Sunday, October 4, 2009


Ox Team, 1911, Mesick

Michigan Farm, 1940s

Our grandparents came before
the virgin forests were cut.
They blasted and burned,
denuding fields cleared to the horizon,
revealing light shows at sunset
and the late night aurora borealis,
which entertained us in childhood.

When we were small, we could lie down
on prairie grass and stubble;
native weeds so brittle,
they held us up above the earth
like eastern mystics on a bed of nails.

Our father cursed that sod
when he plowed the quarter acre
garden in those fallow fields
that had failed him years before
forcing him to take a city job.

Over farmed, the Sandy loam
that remained, was held firmly
only by sod which went dry in summer,
under the sun's hot eye,
siphoning water from the surface,
as the rest, on deeper levels
sought its way to lake level

We should have worshiped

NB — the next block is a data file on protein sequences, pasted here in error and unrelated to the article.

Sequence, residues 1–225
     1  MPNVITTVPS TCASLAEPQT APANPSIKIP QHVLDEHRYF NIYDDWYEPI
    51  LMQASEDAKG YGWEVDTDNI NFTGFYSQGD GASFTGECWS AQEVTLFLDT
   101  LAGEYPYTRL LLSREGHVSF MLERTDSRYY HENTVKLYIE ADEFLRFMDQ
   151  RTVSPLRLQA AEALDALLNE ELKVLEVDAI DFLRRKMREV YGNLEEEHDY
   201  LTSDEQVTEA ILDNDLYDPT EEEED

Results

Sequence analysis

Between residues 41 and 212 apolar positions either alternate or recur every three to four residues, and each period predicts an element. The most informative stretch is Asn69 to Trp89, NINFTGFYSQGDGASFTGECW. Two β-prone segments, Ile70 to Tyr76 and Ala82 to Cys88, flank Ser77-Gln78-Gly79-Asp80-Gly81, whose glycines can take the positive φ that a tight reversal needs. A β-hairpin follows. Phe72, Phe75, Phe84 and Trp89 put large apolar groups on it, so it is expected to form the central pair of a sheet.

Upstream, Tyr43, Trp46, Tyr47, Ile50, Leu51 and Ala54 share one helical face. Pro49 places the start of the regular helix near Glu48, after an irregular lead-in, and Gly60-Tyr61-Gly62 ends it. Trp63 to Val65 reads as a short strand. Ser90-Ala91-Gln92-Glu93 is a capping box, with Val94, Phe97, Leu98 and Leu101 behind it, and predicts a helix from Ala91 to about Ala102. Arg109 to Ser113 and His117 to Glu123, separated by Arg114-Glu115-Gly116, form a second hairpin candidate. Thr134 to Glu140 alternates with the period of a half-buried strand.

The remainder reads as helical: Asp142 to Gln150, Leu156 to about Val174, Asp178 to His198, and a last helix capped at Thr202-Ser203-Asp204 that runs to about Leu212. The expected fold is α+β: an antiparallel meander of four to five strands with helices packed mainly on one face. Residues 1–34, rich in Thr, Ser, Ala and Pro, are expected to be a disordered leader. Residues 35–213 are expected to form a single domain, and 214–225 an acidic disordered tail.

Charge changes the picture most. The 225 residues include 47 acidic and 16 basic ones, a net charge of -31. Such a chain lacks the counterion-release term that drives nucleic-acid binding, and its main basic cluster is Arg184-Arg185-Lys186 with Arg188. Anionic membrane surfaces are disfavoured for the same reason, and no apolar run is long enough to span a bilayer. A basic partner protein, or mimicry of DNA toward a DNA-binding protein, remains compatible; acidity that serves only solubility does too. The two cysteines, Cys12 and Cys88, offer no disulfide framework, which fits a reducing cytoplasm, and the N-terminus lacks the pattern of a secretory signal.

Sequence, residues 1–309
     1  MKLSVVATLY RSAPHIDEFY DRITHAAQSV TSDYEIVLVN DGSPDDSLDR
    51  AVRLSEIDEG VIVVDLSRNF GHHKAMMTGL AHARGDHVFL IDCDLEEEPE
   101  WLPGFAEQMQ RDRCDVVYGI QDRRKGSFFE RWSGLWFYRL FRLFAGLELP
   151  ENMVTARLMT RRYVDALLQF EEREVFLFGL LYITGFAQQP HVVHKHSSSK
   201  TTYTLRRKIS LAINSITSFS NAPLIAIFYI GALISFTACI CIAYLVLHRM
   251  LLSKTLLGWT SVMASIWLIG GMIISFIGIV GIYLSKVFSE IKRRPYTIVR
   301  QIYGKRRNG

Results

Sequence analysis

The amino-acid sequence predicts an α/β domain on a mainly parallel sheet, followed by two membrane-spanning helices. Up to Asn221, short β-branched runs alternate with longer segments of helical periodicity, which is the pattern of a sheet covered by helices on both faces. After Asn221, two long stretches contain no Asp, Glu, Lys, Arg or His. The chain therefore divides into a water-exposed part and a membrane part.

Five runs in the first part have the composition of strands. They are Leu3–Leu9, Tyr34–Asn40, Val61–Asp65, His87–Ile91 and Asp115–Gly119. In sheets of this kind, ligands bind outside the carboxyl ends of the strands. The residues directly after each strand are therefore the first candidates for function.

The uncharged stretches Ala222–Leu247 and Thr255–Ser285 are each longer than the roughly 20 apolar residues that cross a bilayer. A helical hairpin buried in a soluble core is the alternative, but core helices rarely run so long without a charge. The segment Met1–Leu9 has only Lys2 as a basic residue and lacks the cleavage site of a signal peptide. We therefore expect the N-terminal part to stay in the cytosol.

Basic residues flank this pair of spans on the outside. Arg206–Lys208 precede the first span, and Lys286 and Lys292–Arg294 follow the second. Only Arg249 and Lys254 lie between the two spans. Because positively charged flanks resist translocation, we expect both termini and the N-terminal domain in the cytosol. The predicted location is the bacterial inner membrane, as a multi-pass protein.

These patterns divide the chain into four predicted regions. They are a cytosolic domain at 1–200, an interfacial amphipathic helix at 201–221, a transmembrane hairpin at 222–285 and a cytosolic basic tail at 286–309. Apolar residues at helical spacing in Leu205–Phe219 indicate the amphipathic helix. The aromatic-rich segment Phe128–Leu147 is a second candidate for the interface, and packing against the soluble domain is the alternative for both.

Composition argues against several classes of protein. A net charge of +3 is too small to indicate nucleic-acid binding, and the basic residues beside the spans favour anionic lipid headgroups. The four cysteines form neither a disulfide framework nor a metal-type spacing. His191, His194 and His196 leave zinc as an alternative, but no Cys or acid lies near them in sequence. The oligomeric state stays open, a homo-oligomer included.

the quack grass with its matted roots;
thanked it for holding the topsoil,
and preventing the relentless prairie wind
from taking what little dirt was left.

Well Readers, I am finally back from many summer distractions, including eye surgery to mend a macular hole, which caused a distortion in the center of my vision. I am still trying to catch up with both the yard, house and creative work that was left undone. Things seem to be improving, and I am able to use the computer again. Please be patient and expect that my return to this blog will be a slow process.

Writing and Images are the © Copyright of Ruth Zachary, as of the date of this post.

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